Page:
The simplest way is to address the various issues, e.g. use the ISAF measurement guide so that any rig can be measured, then apply the one sail rule as being no slots as that is a more general application of the one sail rule. It still means that a slot must be defined, but I think that's a reasonably easy task.

 

If rigid wings are to be prohibited (which can be done completely separately to the one sail bit above), then the rules can require a certain percentage of the total sail area to pass a folding test and a maximum chord of any spar so that wing masts are allowed but not fully rigid sails.

 

There's not much point in arguing hypothetical detail until the committee proposes something, but it is interesting to discuss options and scenarios.

 

--

Rob

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Ok, not a problem.

 

At the end of the day it doesn't really matter what the result is because if there is a ban on any aspect of wing rigs there is always the option of developing outside of the class rules to prove a certain concept, if someone believes in it enough. If a concept becomes viable later down the track it can always be addressed again, but it will likely take longer and be more difficult.

 

I must admit I am only a potential mothie at this point in time. Have been actively looking for a boat for awhile now though. Not sure if wing rigs will influence my decision making.

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Putting the rule writer's clairvoyant mind to work I think the rule review should also attempt to address the new elephant in the room, kite sails. At present they are not banned but would have to be only 8sqm and be sheeted from the hull, not direct to hand, so it might be difficult to adapt. The real advantage would be the height of the sail in the wind and I hope we can include something with or instead of the mast height rule to limit how high a sail of any type can be set.

 

At the AUS nationals we had 105 moths on a single start line. I doubt that would be possible with long kite strings.

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Putting the rule writer's clairvoyant mind to work I think the rule review should also attempt to address the new elephant in the room, kite sails. At present they are not banned but would have to be only 8sqm and be sheeted from the hull, not direct to hand, so it might be difficult to adapt. The real advantage would be the height of the sail in the wind and I hope we can include something with or instead of the mast height rule to limit how high a sail of any type can be set.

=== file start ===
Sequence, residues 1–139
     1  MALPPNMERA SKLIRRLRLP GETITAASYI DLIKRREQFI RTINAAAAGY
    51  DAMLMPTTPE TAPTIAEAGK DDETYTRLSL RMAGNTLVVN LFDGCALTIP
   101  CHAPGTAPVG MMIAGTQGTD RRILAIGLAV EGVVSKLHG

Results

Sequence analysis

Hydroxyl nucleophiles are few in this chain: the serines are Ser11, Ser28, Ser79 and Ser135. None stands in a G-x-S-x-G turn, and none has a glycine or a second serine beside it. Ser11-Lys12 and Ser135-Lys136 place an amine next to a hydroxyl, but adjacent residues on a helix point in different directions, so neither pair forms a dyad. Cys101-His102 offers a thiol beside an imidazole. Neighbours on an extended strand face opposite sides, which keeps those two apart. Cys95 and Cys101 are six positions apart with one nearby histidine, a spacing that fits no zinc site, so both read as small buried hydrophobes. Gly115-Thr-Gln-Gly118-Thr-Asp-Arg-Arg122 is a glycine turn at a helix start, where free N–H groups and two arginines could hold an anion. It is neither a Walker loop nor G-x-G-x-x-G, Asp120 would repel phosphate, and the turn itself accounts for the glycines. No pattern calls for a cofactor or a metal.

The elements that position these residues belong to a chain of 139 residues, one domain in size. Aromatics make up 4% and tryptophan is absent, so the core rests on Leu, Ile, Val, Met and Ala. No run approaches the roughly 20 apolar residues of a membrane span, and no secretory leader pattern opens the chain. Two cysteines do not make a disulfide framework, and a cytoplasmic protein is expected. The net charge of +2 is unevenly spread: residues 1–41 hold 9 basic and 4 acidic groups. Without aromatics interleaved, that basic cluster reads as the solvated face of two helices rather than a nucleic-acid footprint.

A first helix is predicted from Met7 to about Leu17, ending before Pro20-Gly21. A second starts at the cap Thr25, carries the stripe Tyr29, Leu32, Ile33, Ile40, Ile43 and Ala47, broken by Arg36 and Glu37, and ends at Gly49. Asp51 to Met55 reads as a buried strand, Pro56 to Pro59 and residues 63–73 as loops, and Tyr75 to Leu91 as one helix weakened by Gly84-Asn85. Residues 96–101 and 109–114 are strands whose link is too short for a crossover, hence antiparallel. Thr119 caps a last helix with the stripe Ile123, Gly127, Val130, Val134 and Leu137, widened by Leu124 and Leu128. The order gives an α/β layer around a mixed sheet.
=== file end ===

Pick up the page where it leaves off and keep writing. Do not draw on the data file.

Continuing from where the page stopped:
At the AUS nationals we had 105 moths on a single start line. I doubt that would be possible with long kite strings.

 

This should probably be in a new thread, but a kiteboat with hull sheeting has already been done by Don Montague. http://project.kiteboat.com/video the project summary video at 5:54 has a good view of his system. Of course, it uses a whole lot of already banned electronic controls to make it work.

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I don't mean to highjack this thread, but could someone point me in the direction as to where to buy the plastic wing covering or a primer on how to apply it

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I don't mean to highjack this thread, but could someone point me in the direction as to where to buy the plastic wing covering or a primer on how to apply it

 

from the moth wiki http://wiki.mothosphere.com/index.php?title=Wings

 

 

The film used is 50 micron heat shrink, the same used for sealing CD's in stores.

 

Steve Clark: ( from http://www.boatdesign.net/forums/multihulls/understanding-wing-technology-34697-3.html) The stuff we have been using since 1995 is DuPont Clysar. This is a packaging shrink film that you find around Cd's and Video cassettes. It is pretty cheap and readily available off the Internet. We have also used 3M storm window kits when in a pinch. These come with their ow supply of double sided tape, but because the pieces are not all that big you have top count on overlaps at the ribs to cover a big wing. But, you should know that the Stars and Stripes 88 wing was covered with this stuff. We have never been able to determine that one film was any better than another film. So until we know that, I would say any heat shrink will work.

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Awesome, thank you. So I assume I can just use a double sided tape to fix the film (with some excess) and then it will shrink tight w/ heat